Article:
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What Is an M.S. Hug and What Does It Feel Like?



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What does an M.S. hug feel like?

“People with M.S. describe it as a squeezing, constricting, or band-like tightening in a section of the trunk. Some say it feels like they are wearing a tight garment, like a girdle,” Dr. Wingerchuk says. There’s no doubt about one thing though: it’s very painful. M.S. hug symptoms can involve one or both sides of the torso, and it can start anywhere from the neck down to the waist. Some people who experience M.S. hug have chest pain and others report that their limbs go numb during the spasm4.

Sometimes, people tear a muscle if they pull against the direction of the spasm. “By pulling against a spasming muscle, you end up with a secondary musculoskeletal injury,” says Dr. Green. This can make your pain even worse. As with many other symptoms of M.S., experiencing M.S. hugs can make daily life extremely difficult.

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What causes an M.S. hug?


Broadly speaking, demyelination (the process of myelin getting destroyed) is what causes M.S. hug. “The symptom develops only if there is demyelination from M.S. affecting certain sensory nerve pathways in the spinal cord,” Dr. Wingerchuk explains. Although experts don’t know exactly which pathways those are, most agree that dysregulated firing of nerve cells causes an M.S. hug.

Researchers also know that certain events can trigger an M.S. hug: hyperventilation is a biggie. In fact, before MRIs were available to help diagnose M.S., doctors sometimes induced hyperventilation5 in a patient to determine if they had it, Dr. Green says. Then, they watched to see if a painful tonic spasm (either in the hands or feet or in the form of a hug) occurred.

“The other two things that can bring on an M.S. hug is being overheated or, strangely, getting cold,” Dr. Green says. Many people with M.S. feel overheated before having a flare-up of symptoms. More rarely, some individuals get chilly before an attack and docs aren’t exactly sure why this occurs.

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Does the M.S. hug go away?

Because the M.S. hug is a spasm, the feeling itself should eventually subside. If you experience recurrent M.S. hugs, there are medications that can help. “M.S. hug is actually pretty easy to treat,” Dr. Green says.

Medications to treat M.S. hug usually include:


Disease-modifying therapies (DMTs): These work by targeting the part of the immune system responsible for causing inflammation and myelin damage6. DMTs can help prevent new myelin damage and help alleviate your symptoms, but they can’t reverse existing damage or be taken to prevent M.S. in the first place.

Anti-seizure medications: Treating M.S. is the best way to avoid an M.S. hug. If they’re a consistent problem, Dr. Green says his first choice of medication is carbamazepine, an anticonvulsant (aka anti-seizure medication) that works by disrupting abnormal electrical impulses in the brain, according to the NLM. Phenytoin and Dilantin are other options for people who can’t take carbamazepine for some reason or who don’t respond to it, he says. It’s important to note that medications can reduce the number of M.S. hugs you get, but they may not prevent them from happening 100% of the time.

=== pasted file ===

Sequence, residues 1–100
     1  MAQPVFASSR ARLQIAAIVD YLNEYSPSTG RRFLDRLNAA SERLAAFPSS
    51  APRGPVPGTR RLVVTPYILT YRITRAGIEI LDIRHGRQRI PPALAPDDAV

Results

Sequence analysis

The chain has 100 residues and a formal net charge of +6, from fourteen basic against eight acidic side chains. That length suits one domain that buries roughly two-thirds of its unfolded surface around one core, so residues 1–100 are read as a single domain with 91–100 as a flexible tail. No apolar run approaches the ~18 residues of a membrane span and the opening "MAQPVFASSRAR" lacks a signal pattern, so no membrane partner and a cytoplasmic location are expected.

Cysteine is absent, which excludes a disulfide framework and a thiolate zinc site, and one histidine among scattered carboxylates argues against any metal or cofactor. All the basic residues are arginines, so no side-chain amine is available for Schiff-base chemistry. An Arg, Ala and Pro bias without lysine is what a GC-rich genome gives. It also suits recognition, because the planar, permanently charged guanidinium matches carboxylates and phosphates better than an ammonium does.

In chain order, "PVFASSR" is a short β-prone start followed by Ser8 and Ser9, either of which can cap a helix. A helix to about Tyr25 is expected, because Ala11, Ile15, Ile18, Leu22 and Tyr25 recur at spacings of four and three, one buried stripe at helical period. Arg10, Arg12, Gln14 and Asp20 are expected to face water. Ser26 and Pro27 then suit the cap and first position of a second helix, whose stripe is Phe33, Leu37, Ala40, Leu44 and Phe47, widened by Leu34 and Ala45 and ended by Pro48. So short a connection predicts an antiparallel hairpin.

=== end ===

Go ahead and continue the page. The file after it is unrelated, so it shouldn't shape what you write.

When you’re in the midst of an intense spasm, Dr. Wingerchuk recommends using relaxation techniques to try to stay calm since stress and anxiety can actually amplify your symptoms, making your pain even worse.“For some people, hands-on therapies like massage or touch are also helpful,” he notes. Of course, these may not always be an option, so implementing other strategies to relax, such as deep breathing or meditation, can be useful. Beyond that, he recommends avoiding any M.S. hug triggers you may have noticed, such as extreme temperatures.

The good news is, if you experience an M.S. hug once, that doesn’t necessarily mean it will become a chronic problem. That said, if you experience an M.S. hug as a new symptom, it’s important to schedule an appointment with your doctor because it could indicate you have a new lesion, Dr. Green says.

Experiencing an M.S. hug can feel really scary and jarring. But there are medications that can help prevent and treat them so you can regain some control over your life.

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  1. Cell Journal, Multiple Sclerosis: Pathogenesis, Symptoms, Diagnoses and Cell-Based Therapy
  2. Neurology, The “MS Hug”: Definition, Characteristics, Course, and Misattribution Risk
  3. Journal of the American Academy of Dermatology, Neurocutaneous Disease: Neurocutaneous Dysesthesias
  4. Neuroimmunology Reports, Use of Thoracic Paravertebral Nerve Blocks to Manage Symptomatic Multiple Sclerosis “Hug”
  5. Parkinsonism & Related Disorders, Hyperventilation-Induced Painful Tonic Spasms Secondary to a Structural Lesion of the Pons
  6. BMJ, Disease-Modifying Therapies for Multiple Sclerosis


Source: Self

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